Network Access Control Lists (NACL)

  1. When you create a VPC a default NACL is created
    1. Default NACL allows all inbound and outbound traffic.
    2. All subnets created are assigned this default NACL.
  2. We can create new custom NACLs and change the association from default to custom NACL at subnet level.
    1. By default a custom NACL DENYs all inbound and outbound traffic.
  3. A subnet can have only one NACL associated at any given time unlike Security Groups, where multiple SGs can be assigned to an EC2 instance
  4. One NACL can be associated with multiple subnets.
    1. Example: The default NACL is assigned whenever a new subnet is created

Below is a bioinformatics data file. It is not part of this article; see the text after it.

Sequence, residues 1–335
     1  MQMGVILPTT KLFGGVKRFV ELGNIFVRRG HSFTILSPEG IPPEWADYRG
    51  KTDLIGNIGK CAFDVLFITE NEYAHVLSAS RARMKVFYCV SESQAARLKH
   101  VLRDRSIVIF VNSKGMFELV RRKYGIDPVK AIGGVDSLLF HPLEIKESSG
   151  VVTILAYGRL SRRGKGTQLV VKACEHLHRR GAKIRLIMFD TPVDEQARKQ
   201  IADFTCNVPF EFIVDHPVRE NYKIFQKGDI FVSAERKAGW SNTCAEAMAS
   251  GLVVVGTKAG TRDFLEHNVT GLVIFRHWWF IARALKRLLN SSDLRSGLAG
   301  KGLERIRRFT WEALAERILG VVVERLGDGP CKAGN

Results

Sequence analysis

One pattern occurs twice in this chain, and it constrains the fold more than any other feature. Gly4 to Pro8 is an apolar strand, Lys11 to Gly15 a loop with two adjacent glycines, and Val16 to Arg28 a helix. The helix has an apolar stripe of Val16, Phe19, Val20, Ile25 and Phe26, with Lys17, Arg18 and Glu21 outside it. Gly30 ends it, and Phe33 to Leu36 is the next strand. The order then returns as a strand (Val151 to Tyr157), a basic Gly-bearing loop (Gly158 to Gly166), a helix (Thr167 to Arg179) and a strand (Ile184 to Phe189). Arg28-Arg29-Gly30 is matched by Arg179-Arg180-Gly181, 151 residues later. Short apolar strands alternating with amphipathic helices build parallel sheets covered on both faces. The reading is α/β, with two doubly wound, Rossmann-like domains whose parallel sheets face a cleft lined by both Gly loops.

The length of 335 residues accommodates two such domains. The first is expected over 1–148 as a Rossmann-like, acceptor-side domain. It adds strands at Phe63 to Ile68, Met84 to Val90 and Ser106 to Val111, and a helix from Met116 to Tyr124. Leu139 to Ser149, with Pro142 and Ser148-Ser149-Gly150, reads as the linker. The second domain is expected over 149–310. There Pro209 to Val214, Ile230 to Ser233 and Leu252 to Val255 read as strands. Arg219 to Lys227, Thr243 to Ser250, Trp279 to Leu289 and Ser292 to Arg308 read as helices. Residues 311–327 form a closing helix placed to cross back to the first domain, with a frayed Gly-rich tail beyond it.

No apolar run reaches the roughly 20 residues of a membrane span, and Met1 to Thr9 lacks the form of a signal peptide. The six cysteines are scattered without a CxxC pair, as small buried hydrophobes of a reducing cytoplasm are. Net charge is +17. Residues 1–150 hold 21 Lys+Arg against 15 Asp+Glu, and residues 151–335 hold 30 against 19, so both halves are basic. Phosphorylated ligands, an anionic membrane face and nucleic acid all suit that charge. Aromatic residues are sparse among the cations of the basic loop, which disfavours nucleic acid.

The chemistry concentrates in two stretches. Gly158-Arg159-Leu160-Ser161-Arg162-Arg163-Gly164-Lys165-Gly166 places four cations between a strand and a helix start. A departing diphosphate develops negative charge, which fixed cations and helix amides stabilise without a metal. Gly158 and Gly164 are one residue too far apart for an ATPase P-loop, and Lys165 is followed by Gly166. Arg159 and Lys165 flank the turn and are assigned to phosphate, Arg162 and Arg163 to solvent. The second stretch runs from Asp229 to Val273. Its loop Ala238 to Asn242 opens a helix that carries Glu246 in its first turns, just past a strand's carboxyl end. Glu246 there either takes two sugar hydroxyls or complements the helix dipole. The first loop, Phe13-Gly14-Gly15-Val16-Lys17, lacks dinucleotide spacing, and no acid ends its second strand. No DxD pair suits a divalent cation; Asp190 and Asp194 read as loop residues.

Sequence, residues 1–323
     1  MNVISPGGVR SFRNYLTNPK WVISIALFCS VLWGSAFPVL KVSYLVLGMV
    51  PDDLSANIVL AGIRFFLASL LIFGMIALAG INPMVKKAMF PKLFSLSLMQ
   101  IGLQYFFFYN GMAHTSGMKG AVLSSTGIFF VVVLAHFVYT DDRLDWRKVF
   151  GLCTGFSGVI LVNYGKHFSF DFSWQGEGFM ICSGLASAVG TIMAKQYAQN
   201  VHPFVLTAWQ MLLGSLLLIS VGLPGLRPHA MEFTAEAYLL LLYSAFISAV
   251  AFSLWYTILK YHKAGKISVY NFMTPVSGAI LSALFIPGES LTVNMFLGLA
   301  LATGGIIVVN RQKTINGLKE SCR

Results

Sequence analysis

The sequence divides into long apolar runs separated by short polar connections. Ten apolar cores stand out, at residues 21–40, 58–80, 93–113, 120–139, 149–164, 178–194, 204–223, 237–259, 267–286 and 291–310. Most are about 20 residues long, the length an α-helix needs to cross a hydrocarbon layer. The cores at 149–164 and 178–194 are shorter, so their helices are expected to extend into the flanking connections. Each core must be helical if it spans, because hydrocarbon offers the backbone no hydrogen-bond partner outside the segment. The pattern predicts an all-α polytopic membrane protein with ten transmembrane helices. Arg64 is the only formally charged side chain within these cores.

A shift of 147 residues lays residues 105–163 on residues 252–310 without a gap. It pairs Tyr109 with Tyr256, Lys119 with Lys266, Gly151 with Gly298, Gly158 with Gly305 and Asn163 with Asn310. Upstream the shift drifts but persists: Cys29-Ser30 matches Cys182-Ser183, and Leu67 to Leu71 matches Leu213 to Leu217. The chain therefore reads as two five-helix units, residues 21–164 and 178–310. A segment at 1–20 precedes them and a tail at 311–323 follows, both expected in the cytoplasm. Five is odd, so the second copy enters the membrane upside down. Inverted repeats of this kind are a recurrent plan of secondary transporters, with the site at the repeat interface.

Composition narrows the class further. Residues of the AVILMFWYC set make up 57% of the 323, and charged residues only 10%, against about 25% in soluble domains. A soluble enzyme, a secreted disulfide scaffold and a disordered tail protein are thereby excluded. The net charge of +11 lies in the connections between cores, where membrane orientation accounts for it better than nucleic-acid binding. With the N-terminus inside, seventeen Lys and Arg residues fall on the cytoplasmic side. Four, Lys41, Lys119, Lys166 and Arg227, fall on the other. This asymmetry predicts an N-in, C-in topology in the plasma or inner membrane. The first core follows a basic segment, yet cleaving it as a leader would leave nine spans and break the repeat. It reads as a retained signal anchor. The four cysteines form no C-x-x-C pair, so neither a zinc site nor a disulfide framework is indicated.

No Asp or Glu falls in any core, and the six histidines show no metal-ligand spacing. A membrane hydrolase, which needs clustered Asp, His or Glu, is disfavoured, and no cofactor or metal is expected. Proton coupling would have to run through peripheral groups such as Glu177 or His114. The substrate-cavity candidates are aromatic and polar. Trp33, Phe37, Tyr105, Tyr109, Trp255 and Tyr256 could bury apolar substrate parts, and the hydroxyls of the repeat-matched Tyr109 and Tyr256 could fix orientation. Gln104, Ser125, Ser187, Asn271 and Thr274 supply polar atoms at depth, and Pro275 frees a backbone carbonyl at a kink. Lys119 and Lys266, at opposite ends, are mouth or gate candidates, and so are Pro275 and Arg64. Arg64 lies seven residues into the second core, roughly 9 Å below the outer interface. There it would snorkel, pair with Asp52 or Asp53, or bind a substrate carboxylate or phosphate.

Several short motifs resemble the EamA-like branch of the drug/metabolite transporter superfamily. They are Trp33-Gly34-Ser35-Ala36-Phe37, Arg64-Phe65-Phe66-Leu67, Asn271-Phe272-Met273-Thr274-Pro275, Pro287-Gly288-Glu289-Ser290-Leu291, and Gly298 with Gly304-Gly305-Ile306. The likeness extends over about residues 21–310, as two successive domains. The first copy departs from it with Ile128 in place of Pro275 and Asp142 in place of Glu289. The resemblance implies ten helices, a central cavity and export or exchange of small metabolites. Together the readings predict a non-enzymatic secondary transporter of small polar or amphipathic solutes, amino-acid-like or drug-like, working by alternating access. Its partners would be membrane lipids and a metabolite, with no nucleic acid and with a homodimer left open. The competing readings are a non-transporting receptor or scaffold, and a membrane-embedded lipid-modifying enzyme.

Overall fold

5. Rules are evaluated starting with the lowest numbered rule. As soon as a rule matches traffic, it’s applied regardless of any higher-numbered rule that may contradict it.
  6. NACLs rules are applied first before applying security group rules
  7. NACLs are stateless
    1. Example: If you allow HTTP inbound in a NACL, this does not automatically ALLOW HTTP outbound. You need to explicitly ALLOW HTTP outbound as well.
    2. This is different from the security groups, which are stateful. In a SG, Once you allow HTTP inbound (request), the corresponding outbound HTTP (response) is automatically allowed even if there is no such rule created.
  8. Use ephemeral (temporary) ports on outbound rules only
  9. You can DENY (block) ip addresses using NACLs. This is not possible thru SGs. SGs only ALLOW.
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